To Die For
Gus Van Sant’s sardonic look at self-absorption and the allure of celebrity plays Metrograph tonight as part of the director’s career retrospective. To Die For (1995) capped off Van Sant’s first decade of filmmaking, marking his transition from outsider auteur of the New Queer Cinema movement to major commercial player; in many ways it succinctly articulates the problems of the industry he was about to enter, taken to violent extremes.
A character study in narcissism, the film hinges on Nicole Kidman’s lead performance as Suzanne Stone-Maretto, aspiring news anchor who is consistently clawing for her big break, weighed down by the albatross of unremarkable people living unremarkable existences in unremarkable suburban New Hampshire. When she finally seduces a high school boy (played by a young Joaquin Phoenix) in order to convince him to murder her unassuming but devoted husband (Matt Dillon), she can’t keep up the appearance of mourning wife for one second: Kidman practically has the lust for limelight seeping out of her invisible pores. Suzanne is a vain egomaniac, frustratingly ungrateful and frankly not quite bright; yet Kidman still creates a character to empathize with, even as we gleefully await her comeuppance.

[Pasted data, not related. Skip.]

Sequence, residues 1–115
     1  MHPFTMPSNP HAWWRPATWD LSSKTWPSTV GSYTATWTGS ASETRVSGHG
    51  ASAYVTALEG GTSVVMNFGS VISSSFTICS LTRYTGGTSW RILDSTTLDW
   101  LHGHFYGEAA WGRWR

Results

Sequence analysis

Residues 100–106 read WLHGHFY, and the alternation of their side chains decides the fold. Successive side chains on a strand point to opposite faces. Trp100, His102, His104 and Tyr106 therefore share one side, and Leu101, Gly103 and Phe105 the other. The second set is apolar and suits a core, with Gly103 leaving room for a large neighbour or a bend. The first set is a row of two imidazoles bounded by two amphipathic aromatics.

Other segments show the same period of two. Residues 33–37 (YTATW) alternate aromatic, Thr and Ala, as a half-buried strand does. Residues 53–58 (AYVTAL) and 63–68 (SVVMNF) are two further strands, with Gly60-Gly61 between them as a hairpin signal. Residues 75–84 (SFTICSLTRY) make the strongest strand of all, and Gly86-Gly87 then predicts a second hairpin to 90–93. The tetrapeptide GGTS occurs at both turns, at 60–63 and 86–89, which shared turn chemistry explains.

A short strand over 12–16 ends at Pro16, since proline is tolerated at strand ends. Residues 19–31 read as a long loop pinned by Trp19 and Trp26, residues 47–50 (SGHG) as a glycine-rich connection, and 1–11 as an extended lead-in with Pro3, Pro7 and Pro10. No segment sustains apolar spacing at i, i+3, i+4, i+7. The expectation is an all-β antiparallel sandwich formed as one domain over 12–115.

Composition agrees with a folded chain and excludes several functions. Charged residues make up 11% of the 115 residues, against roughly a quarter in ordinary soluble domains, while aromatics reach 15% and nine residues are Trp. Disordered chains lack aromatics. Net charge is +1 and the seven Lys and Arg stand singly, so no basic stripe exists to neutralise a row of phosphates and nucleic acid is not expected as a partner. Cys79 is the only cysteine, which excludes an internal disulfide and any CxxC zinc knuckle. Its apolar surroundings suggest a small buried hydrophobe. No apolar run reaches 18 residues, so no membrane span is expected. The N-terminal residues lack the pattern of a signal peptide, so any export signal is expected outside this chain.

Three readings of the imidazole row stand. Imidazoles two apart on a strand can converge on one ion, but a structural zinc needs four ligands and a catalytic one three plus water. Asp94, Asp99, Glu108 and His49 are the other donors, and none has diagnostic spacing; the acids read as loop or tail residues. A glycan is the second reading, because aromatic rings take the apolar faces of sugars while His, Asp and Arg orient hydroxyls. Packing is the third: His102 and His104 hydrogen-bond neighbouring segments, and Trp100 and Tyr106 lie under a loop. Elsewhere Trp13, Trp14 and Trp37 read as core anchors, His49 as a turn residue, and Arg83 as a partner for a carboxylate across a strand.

Especially within a wide survey of Van Sant’s work, To Die For feels fresh and unexpected. Come for the brutally funny social commentary, stay for Kidman’s wardrobe and the David Cronenbergcameo.